Rough Collie Puppies: Everything You Need to Know

Collie dogs are known best for their innate herding skills as well as their gentle, family-oriented nature. If you and your family are considering adopting a rough collie puppy, there are a few things you will want to learn about first. Below you will find a wealth of knowledge, all about rough collies and how to care for them in their younger years. You will also learn about what to expect with their personality and temperament as they grow, and what health complications that could possibly arise.

Puppies are a handful, especially when you don’t prepare by doing some research on the breed beforehand. Their temperaments and personalities may come as a surprise if you haven’t looked up what to expect, as each breed tends to have its own typical personality or mannerisms. As far as grooming goes for this breed, they do take a bit of work to manage. The “rough” collie gets their name from the texture of their thick fur coat.

Personality

The Rough Collie personality is one that you won’t be able to help but fall in love with instantly. Their gentle, lovable nature will have you snuggling right up to them immediately. As a member of a lineage of herding dogs that were once running the fields of Northern England and Scotland, they have a naturally intelligent and loyal personality. Their family, including children, are the center of their world once they’ve become a member of your family. 

The Rough Collie temperament is generally calm and docile, but they aren’t shy when it comes to getting up and playing in the yard with the children in the family. They have lots of energy and will love expending it outdoors with the smaller members of the family. Or even with you on daily walks around the neighborhood.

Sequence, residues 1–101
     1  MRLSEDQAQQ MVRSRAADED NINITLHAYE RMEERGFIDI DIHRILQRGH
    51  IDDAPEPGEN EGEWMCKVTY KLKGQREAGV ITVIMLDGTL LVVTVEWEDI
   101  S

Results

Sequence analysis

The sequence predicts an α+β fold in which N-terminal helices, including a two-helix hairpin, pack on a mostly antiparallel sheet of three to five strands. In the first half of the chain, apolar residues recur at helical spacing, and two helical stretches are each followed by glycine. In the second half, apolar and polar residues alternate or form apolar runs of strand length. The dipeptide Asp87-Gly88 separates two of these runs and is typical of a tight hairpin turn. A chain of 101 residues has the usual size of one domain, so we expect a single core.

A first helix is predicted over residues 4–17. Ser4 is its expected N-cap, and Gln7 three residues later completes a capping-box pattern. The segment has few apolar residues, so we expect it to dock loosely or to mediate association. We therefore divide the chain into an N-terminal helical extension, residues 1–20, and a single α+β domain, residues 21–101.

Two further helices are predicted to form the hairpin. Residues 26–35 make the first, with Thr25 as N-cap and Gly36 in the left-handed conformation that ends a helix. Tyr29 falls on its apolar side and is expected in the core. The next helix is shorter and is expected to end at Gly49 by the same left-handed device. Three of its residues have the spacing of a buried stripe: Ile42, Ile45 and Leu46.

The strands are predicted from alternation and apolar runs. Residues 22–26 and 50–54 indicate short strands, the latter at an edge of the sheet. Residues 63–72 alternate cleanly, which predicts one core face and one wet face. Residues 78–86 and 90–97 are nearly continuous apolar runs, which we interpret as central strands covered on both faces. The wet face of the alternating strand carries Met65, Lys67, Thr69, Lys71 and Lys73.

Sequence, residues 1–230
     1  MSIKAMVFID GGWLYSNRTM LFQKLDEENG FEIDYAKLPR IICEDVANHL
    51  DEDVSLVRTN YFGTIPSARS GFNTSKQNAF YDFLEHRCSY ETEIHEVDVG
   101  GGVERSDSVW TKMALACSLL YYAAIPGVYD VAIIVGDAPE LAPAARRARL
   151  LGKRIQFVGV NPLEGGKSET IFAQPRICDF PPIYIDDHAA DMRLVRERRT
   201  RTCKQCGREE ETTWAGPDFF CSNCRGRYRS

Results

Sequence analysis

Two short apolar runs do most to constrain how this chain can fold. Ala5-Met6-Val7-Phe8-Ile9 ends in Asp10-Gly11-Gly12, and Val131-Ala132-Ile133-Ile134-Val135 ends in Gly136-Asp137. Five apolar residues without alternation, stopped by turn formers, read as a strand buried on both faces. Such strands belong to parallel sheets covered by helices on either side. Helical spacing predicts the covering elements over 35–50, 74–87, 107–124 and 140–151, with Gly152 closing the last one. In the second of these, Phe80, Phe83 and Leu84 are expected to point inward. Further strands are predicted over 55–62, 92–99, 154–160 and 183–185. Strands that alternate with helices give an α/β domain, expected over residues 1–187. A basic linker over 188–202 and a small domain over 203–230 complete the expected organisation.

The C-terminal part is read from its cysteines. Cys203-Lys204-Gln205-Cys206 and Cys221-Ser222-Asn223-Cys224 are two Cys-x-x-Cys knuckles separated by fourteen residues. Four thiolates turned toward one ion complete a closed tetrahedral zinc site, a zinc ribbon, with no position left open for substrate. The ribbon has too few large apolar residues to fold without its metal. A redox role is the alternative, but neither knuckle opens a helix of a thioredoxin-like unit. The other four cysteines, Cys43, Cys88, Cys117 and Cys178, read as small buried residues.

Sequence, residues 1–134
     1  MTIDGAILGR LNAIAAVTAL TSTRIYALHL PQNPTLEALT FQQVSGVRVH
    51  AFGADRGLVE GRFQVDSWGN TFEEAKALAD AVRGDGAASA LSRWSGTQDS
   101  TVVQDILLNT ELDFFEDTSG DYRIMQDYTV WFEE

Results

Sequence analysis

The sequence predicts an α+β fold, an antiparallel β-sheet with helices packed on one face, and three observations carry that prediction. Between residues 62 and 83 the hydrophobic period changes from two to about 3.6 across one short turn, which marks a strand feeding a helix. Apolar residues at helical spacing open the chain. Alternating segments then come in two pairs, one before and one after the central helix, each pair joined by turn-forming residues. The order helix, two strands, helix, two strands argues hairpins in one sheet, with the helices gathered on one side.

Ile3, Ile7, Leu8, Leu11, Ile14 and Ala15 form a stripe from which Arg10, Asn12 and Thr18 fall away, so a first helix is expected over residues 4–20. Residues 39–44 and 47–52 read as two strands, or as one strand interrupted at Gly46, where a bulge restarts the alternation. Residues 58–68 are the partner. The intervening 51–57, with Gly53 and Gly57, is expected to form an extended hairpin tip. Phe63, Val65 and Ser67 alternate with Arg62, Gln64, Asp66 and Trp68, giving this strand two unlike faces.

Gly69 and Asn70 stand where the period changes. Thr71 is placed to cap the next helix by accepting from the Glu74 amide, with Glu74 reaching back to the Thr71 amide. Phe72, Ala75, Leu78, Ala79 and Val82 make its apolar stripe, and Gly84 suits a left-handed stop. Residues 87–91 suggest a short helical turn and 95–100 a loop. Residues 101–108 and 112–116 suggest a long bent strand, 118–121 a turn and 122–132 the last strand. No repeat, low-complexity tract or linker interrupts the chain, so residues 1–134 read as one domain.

Training

Collies are incredibly intelligent dogs by all standards. You can expect your Rough Collie puppy to catch onto their training rather quickly. Puppy classes are still recommended, but this is more so for the socialization aspect of puppyhood.

Puppy training classes will give you Rough Collie pup the opportunity to interact with other dogs and learn what is and is not okay. Puppy training classes are also an amazing opportunity for you and your new pup to bond and strengthen your relationship. 

Positive teaching methods are what will work best with your Rough Collie pup during training. This involves positive feedback with treats and praise when a command was executed correctly. Besides obedience, Collies are also known well for their agility. Making Rough Collie puppies great for someone who would like to raise a dog that runs agility courses and competes against other dogs for fun. 

Health 

Rough Collies are generally a healthy breed of dog that you can expect a good 12 to 14 wonderful years with. Although, due to a “Collie eye anomaly” that is inherent in the breed, it's recommended to take your puppy to see a veterinary ophthalmologist at 6-8 weeks of age. Due to a genetic mutation called MDR, Rough Collies are also sensitive to certain drugs. You can find out if your Rough Collie has this mutation through lab tests. That way you can be sure your pup can stay clear of those specific medications. 

Grooming

Rough Collies have long, thick coats of fur, so it's right to expect that they will be needing regular grooming. Thankfully, Rough Collies get their name from their rougher coat of fur, compared to their “smooth” cousins who don’t tend to have mats in their fur.  Collies have a double coat of fur so there are certain times of year that they will shed more than others. To prevent mats and keep up with shedding, regular brushing 2-3 times per week is recommended. Their elbows and behind their ears are spots that tend to mat up more than others will. 

Just like with any other breed of dog, you will want to begin your grooming practices with them at a young age so that they can become comfortable and used to the routine and what all goes on when they are being groomed.